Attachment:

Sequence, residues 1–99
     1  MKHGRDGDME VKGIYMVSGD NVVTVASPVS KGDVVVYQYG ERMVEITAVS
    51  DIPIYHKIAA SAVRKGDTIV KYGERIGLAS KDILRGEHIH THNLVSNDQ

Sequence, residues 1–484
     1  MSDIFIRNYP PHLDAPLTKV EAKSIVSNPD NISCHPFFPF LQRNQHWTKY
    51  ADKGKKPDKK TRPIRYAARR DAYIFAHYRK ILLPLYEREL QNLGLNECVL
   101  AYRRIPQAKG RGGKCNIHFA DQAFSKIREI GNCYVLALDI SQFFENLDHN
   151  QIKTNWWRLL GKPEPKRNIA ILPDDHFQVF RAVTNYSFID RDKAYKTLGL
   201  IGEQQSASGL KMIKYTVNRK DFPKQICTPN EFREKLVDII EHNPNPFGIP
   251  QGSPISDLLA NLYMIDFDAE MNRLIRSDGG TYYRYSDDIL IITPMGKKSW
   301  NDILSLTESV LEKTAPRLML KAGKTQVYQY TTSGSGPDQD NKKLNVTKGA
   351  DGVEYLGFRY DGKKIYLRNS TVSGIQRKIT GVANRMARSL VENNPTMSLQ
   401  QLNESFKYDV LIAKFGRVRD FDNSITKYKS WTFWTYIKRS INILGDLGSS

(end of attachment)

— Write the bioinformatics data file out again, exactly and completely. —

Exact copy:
Sequence, residues 1–99
     1  MKHGRDGDME VKGIYMVSGD NVVTVASPVS KGDVVVYQYG ERMVEITAVS
    51  DIPIYHKIAA SAVRKGDTIV KYGERIGLAS KDILRGEHIH THNLVSNDQ

Sequence, residues 1–484
     1  MSDIFIRNYP PHLDAPLTKV EAKSIVSNPD NISCHPFFPF LQRNQHWTKY
    51  ADKGKKPDKK TRPIRYAARR DAYIFAHYRK ILLPLYEREL QNLGLNECVL
   101  AYRRIPQAKG RGGKCNIHFA DQAFSKIREI GNCYVLALDI SQFFENLDHN
   151  QIKTNWWRLL GKPEPKRNIA ILPDDHFQVF RAVTNYSFID RDKAYKTLGL
   201  IGEQQSASGL KMIKYTVNRK DFPKQICTPN EFREKLVDII EHNPNPFGIP
   251  QGSPISDLLA NLYMIDFDAE MNRLIRSDGG TYYRYSDDIL IITPMGKKSW
   301  NDILSLTESV LEKTAPRLML KAGKTQVYQY TTSGSGPDQD NKKLNVTKGA
   351  DGVEYLGFRY DGKKIYLRNS TVSGIQRKIT GVANRMARSL VENNPTMSLQ
   401  QLNESFKYDV LIAKFGRVRD FDNSITKYKS WTFWTYIKRS INILGDLGSS